Although he spent much of his career in obscurity, Herman Melville has since become known as one of America's greatest novelists, short-story writers, and poets. The author of Moby-Dick, Billy Budd, Typee, White-Jacket, "Bartleby the Scrivener," and many other classics, Melville was rediscovered in the 1920s by a new generation of writers. They saw in his work an evolving sense of modernism. Since that time, writers as diverse as Jack London, William Faulkner, Robert Penn Warren, and Norman Mailer have paid homage to Melville's poetry and prose. Herman Melville A to Z is the most comprehensive guide to his life and work. Entries examine the characters and settings of his novels and short-stories; allusions and references that inform his work; the critics and scholars who commented on his work; and Melville's friends and associates, including Fanny Kemble, Oliver Wendell Holmes, and Nathaniel Hawthorne.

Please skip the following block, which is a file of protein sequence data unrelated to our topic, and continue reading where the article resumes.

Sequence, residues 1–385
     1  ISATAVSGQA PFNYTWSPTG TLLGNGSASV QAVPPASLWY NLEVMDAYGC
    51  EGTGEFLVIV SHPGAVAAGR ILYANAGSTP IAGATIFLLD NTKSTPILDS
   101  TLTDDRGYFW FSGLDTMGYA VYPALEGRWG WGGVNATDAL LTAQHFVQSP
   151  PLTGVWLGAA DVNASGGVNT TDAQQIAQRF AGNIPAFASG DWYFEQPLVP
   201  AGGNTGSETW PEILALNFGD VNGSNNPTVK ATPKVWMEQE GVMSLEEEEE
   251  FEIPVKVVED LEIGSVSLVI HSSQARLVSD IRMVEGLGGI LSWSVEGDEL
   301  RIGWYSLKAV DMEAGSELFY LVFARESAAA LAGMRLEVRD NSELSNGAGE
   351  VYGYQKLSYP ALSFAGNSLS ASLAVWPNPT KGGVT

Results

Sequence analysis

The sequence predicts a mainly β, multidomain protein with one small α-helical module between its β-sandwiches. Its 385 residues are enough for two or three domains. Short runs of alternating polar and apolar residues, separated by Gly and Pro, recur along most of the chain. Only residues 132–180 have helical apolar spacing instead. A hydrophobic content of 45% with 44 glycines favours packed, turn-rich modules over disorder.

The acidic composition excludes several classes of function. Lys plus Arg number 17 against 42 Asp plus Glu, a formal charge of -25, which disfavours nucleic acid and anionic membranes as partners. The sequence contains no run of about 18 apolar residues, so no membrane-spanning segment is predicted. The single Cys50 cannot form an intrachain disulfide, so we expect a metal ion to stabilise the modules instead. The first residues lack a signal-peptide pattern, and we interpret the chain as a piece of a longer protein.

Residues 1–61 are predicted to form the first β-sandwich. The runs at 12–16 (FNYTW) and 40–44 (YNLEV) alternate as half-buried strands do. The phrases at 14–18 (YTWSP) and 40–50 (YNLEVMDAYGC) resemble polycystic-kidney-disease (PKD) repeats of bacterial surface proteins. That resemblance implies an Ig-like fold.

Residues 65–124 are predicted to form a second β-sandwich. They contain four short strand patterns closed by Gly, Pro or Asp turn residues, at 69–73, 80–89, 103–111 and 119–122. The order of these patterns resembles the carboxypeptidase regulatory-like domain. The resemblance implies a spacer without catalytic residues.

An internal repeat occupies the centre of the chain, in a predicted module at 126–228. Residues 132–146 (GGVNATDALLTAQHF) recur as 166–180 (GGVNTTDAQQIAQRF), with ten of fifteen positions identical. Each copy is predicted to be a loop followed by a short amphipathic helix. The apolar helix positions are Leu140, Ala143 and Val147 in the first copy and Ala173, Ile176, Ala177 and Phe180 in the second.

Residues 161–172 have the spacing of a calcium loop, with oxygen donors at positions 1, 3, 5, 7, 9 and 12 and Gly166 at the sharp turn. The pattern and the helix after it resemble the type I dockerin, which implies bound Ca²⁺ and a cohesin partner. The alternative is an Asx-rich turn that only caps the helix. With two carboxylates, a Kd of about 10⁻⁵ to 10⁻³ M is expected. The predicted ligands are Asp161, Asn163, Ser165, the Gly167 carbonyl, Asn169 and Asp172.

Carl is professor of English at Baruch College, The City University of New York. He received his Ph.D. from the University of Toronto. He has written several biographies of prominent writers and has contributed essays to numerous reference works.
Lisa holds a Ph.D. in English from the University of Toronto. She has written scholarly articles on literature for several journals and reference books. The authors live in Cape May, NJ.